Good Samaritan Hospital notifying patients of possible Hepatitis C exposure

PUYALLUP, Wash. -- Certain patients treated at MultiCare Good Samaritan Hospital are being notified of potential exposure to Hepatitis C.

Two patients who were treated in December likely contracted the disease while being treated in the Emergency Department, hospital officials said.

According to a press release, a nurse admitted to stealing narcotics intended for patients. She tested positive for hepatitis C and treated both of the infected patients.

"Good Samaritan and local and state health department officials have conducted a thorough investigation and determined that one of our nurses was removing higher-than-normal amounts of narcotics from our dispensing system and admitted to diverting medications intended for patients," the hospital said in a statement. "She tested positive for Hepatitis C and had treated both of the patients we know are infected. Hepatitis C is most commonly transmitted by exposure to an infected person’s blood through shared needles. The nurse no longer works for MultiCare."

The hospital is notifying about 2,600 patients treated in the Emergency Department between Aug. 4, 2017 and March 23, 2018 who received injections of narcotic, antihistamine or sedatives about the possibility of exposure. MultiCare is recommending free testing for Hepatitis C and other communicable diseases.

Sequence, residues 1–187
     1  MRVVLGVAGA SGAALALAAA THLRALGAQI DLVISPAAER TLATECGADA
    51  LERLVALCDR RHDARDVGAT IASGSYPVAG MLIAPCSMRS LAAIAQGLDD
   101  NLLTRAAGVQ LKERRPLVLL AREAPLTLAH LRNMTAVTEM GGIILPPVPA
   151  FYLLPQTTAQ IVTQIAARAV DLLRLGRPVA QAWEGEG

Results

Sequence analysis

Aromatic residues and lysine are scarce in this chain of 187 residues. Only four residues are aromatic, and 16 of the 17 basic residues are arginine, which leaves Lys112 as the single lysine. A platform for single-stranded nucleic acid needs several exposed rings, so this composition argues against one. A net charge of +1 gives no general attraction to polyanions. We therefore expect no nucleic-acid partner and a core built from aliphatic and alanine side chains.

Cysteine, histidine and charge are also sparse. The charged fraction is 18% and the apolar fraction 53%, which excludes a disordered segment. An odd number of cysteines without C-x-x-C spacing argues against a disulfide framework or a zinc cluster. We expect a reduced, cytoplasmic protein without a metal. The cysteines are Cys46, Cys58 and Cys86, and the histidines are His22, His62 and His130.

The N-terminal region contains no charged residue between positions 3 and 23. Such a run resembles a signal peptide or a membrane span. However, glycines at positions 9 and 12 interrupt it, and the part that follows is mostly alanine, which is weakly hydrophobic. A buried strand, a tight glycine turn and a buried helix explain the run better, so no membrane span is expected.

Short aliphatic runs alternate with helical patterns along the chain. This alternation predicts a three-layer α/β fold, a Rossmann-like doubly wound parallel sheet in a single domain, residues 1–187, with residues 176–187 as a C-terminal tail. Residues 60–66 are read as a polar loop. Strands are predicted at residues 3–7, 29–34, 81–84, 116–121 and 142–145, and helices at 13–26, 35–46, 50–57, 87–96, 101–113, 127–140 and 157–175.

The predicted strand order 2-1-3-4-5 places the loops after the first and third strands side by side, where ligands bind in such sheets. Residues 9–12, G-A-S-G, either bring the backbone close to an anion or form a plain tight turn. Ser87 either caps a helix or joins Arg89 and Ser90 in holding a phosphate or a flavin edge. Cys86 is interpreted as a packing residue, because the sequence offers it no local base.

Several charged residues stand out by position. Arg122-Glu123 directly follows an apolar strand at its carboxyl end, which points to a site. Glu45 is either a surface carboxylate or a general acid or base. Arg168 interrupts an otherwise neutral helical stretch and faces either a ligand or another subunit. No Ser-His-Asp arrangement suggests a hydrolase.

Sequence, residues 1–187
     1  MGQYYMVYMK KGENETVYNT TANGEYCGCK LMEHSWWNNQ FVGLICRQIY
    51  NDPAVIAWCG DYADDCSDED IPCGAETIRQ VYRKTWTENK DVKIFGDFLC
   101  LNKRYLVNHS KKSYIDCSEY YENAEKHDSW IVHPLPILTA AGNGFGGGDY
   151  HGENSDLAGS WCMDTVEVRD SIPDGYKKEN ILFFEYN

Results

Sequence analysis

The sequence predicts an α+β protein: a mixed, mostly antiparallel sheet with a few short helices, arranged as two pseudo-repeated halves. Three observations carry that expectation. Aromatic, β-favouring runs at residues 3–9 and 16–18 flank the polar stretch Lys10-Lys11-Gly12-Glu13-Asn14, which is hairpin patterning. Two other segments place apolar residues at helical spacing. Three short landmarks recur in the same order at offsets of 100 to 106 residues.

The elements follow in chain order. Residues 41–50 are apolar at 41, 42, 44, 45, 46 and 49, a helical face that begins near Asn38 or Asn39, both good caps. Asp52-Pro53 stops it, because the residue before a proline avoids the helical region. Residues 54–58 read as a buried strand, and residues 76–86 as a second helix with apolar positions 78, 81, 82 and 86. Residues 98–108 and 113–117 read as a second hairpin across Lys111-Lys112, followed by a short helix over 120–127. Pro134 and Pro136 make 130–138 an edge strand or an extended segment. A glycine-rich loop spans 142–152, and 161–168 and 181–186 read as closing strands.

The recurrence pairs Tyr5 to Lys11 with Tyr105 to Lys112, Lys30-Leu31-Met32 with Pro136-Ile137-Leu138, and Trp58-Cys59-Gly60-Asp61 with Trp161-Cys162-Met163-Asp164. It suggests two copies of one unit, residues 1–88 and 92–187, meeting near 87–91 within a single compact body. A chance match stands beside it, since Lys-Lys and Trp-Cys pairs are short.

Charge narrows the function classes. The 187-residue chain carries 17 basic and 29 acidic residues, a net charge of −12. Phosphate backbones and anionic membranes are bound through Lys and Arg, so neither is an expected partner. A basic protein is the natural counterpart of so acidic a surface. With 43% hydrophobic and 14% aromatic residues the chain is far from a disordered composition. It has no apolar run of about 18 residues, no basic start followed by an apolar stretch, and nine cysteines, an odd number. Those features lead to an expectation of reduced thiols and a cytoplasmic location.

The hospital said this is an isolated situation and patients who do not receive notification letters are not at risk.

The group at risk represents about 5 percent of the 54,000 patients who visited the ER during this time period.

“We deeply value the trust of our community, and apologize for the worry this will create. We have taken extensive measures to identify anyone who may have been at risk for exposure, out of interest for the health and safety of our patients and the community,” said Chris Bredeson, President and Chief Operating Officer of Good Samaritan. “We remain committed to the highest standards of patient care and are working to make sure the affected patients are supported and have the information they need.”

Click here for more details from MultiCare.